**How do I calculate the Mean, Mode and Median?**

Mean, mode and median are three types of measures of central tendency in statistics. While describing a set of data, the central position of any data set is identified. This is also known as the measure of central tendency. Now the question arises if we can extract some important features of the data by taking into account certain representatives of the data. This can be done by using the measures of central tendency or averages, namely mean, median and mode.

Let us study mean, mode and median in detail.

**Mean, Median and Mode in Statistics**

Mean, mode and median are the measures of central tendency which are used to study certain characteristics of a given set of data. A measure of central tendency talks about a set of data by showing the central position in the data set as a single value. One can imagine it as a tendency of data which gathers around a middle value. The three types of measures of central tendency which are most common are mean, mode and median.

**Mean**

The arithmetic mean of a given data can be defined as the sum of all observations divided by the number of observations. Let us suppose that a cricketer’s score in five ODI matches are as follows: 12, 34, 45, 50, 24. To take out his average score in a match, the arithmetic mean of data is calculated by using the mean formula:

Mean = (12 + 34 + 45 + 50 = 24)/5

Mean = 165/5 = 33

Mean is represented by (pronounced as x bar).

Types of data

Data can be shown in raw form or tabular form. Let us take out the mean in both cases.

Raw Data

Let us consider to be n observations.

The arithmetic mean can be found out by using the mean formula

**Frequency Distribution (Tabular) form**

When the data is given in tabular form, the following formula is used:

Let us take out the following example

Example 1:Take out the mean of the following distribution:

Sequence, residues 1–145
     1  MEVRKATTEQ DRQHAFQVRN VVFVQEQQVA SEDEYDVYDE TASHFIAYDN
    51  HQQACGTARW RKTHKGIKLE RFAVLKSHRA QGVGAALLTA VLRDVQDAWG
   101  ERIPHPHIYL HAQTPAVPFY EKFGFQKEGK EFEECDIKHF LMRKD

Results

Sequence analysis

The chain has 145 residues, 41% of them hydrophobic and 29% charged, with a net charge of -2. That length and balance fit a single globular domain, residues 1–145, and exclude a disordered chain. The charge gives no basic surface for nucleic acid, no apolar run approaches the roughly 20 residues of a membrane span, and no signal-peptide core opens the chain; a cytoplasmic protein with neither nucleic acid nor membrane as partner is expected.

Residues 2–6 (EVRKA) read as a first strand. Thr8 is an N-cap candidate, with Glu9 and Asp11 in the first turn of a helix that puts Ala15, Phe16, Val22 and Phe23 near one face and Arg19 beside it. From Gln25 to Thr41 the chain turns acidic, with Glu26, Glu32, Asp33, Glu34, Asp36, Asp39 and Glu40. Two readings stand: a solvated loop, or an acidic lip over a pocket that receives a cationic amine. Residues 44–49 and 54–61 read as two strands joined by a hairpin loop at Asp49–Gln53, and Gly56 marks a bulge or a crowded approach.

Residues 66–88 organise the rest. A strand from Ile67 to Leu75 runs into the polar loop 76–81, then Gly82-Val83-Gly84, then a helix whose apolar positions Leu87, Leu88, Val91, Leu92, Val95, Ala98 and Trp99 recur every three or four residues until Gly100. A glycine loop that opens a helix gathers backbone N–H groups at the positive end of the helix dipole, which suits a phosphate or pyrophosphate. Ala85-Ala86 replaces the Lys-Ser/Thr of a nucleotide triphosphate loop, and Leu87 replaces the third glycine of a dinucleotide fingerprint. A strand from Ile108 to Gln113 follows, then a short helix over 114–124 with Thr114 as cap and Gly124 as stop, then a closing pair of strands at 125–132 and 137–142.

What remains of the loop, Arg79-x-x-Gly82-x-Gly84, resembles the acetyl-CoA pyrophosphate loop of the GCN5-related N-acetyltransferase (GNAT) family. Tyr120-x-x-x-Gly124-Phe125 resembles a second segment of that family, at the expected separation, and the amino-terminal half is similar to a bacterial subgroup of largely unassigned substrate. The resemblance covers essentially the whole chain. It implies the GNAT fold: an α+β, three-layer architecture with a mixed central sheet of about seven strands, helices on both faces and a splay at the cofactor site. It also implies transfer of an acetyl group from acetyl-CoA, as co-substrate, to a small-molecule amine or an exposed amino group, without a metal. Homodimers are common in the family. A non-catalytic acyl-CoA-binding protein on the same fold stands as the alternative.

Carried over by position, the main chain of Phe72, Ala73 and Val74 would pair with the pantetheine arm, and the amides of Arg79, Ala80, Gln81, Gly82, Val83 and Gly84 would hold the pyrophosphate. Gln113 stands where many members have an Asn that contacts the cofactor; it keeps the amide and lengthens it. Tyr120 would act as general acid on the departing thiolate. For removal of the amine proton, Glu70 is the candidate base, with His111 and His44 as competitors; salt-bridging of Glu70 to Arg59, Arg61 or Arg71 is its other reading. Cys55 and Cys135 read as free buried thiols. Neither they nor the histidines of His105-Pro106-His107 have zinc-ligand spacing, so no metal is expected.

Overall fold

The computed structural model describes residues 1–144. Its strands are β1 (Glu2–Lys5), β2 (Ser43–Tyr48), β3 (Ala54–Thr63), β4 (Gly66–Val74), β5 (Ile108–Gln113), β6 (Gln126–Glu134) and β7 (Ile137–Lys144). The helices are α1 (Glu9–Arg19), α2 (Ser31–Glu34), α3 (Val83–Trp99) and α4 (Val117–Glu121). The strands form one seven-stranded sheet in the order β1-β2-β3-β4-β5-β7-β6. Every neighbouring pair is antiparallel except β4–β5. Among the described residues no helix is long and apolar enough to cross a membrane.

Solution:

Below is the calculation table for arithmetic mean:

So, mean = 9

**Median **

The value of the middlemost observation which we get after arranging the data in ascending order is called as the median of the data.

For example, let us take the data 4,4,6,3,2 and arrange this data in ascending order: 2,3,4,4,6. Here are 5 observations. Therefore, median = middle value which is 4.

Case 1: Ungrouped Data

- Step 1: Let us arrange the data in ascending or descending order.
- Step 2: Let us take the total number of observations to be n.

To take out the median, we have to see whether n is even or odd. When n is odd, the following formula is used:

Median = (n + 1)/2th observation

Case 2: Grouped Data

When the data is continuous and in the form of a frequency distribution, then the median is taken out as shown below:

Step 1: Let us take out the median class.

Let n be the total number of observations i.e.

It is to be noted that median class is the where (n/2) is there.

Step 2: The following formula is used to find out the median.

Where,

- l = lower limit of median class
- c = cumulative frequency of the class which appears before modal class
- f = frequency of the median class
- h = size of the class

Learn more concepts from the chapterData Handling from Class 7 Maths.

**Mode**

The value which occurs most frequently in the given data i.e., the observation with the highest frequency is known as the mode of data.

Case1: Ungrouped Data

For ungrouped data, the observation which appears maximum number of times is taken.

Mode = Observation with maximum frequency

Let us take the dta:6,8,9,3,4,6,7,6,3. Here, the value 6 occurs the maximum number of times. Therefore, mode = 6. There is an easy way to remember mode which is: Most Often Data Entered.

It is to be noted that a data may have no mode, 1 mode or more than 1 mode. According to the number of modes the data has, data can be unimodal, bimodal, trimodal, or multimodal.

Case 2: Grouped Data

When the data is found, the mode can be taken out by using the following steps:

- Step 1: Take out the modal class i.e., the class with maximum frequency.
- Step 2: Take out mode using the following formula:

Mode =

Where,

- l = lower limit of modal class
- = frequency of modal class
- = frequency of class which appears before modal class
- = frequency of class which appears after modal class
- h = size of class